by Alexander Green, Chief Investment Strategist
Thursday, May 6, 2010: Issue #1254
Being a contrarian is a lonely business.
If you’re a regular reader, you’ll know that ordinarily, I am market neutral on stocks, bonds, currencies and commodities.
The truth is that markets are reasonably efficient. So most years, I don’t stick my neck out and make any market calls on any asset class.
That’s because the vast majority of the time, most assets are neither grossly undervalued, nor wildly overvalued. Rational, self-interested investors keep prices close to true value.
But I am not an efficient market theorist. Investors are always self-interested, yes. But they are not always rational. And I most certainly do not believe that all publicly traded securities are efficiently priced all the time.
That would be lunacy…
Anomalies develop (and opportunities alongside them). Sometimes, these anomalies develop into outright bubbles. When that happens, you will always see eye-popping valuations paired with extreme sentiment. (In other words, sky-high prices and unbridled optimism or rock-bottom prices with extreme pessimism.)
What surprises me is how few investors recognize a bubble, even when it’s right under their nose and they have many thousands of dollars at risk…
Except it wasn’t…
Europe’s Monetary Policy Mish-Mash
Today, the euro hit a 14-month low against the dollar ($1.2689) on increasing recognition that Greece’s fiscal problems are bigger than expected, more expensive than expected and potentially contagious.
Trust me, this is far from over. The 16-member states in the Eurozone are about to start bickering like an old couple that has locked the keys in the car.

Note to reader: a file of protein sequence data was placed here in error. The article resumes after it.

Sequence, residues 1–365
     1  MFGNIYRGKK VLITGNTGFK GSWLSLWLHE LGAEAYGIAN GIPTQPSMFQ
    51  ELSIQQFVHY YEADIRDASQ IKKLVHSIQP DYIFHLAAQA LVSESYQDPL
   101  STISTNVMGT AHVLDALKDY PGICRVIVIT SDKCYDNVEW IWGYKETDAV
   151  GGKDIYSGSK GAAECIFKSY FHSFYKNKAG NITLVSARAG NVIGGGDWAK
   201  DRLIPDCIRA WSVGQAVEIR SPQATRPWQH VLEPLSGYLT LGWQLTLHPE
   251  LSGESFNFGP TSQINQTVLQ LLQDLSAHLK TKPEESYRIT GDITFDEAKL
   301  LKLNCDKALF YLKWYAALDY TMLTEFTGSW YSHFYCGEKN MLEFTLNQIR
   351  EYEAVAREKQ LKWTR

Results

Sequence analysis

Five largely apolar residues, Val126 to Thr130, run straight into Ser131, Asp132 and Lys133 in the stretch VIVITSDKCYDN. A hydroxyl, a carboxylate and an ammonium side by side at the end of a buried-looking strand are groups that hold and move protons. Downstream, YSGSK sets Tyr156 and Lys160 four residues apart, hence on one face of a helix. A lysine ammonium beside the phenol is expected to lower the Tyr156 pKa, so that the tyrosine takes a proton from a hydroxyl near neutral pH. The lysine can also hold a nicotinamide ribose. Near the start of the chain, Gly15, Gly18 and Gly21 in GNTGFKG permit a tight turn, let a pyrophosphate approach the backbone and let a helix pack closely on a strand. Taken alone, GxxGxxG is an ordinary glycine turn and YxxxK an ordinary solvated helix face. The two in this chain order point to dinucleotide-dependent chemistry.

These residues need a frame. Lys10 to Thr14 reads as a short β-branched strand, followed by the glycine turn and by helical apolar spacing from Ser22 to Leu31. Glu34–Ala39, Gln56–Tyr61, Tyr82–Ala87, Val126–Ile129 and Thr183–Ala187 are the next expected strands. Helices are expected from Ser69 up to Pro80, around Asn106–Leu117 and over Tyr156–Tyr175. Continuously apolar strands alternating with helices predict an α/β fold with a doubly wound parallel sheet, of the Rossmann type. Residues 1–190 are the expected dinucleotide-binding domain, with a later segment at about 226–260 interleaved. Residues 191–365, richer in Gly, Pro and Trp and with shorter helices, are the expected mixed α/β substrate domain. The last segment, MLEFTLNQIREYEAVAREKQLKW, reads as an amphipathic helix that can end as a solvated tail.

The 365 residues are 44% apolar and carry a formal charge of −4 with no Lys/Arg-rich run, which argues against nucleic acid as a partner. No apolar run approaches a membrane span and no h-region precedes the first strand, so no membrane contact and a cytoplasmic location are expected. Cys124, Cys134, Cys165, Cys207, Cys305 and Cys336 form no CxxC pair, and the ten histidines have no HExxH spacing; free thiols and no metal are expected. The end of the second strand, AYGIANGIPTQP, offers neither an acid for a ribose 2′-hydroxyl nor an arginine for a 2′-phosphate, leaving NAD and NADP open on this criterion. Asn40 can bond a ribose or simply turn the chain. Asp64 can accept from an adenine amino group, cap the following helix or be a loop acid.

Understandably, weaker states don’t like having their economic policies dictated from Frankfurt. And stronger states don’t like spending billions to bail out their profligate brethren from years of fiscal mismanagement.
“Preposterous” Expectations for the Euro Against the Dollar
When the euro was born on January 1, 1999, skeptics rightly worried that the then-11-member states were too divergent to share a single currency and monetary policy.
These fears were well-founded. And the euro promptly plunged on world currency markets to well under $0.90. Today, we know that problems among member states aren’t just possible… not just probable… but right here, stinking to high heaven on our doorstep.
Yet the euro is still trading around $1.27.
Expect it to hit $1.10 by the end of this year – and trade at parity with the dollar sometime next year.
Sounds preposterous? Yes, so I’ve heard.
Editor’s Note: Find out how The Oxford Club’s “market neutral” investment approach, combined with a keen eye for lucrative contrarian recommendations, led the Hulbert Financial Digest to rank the group’s Communiqué in the top five investment newsletters over the past 10 years.
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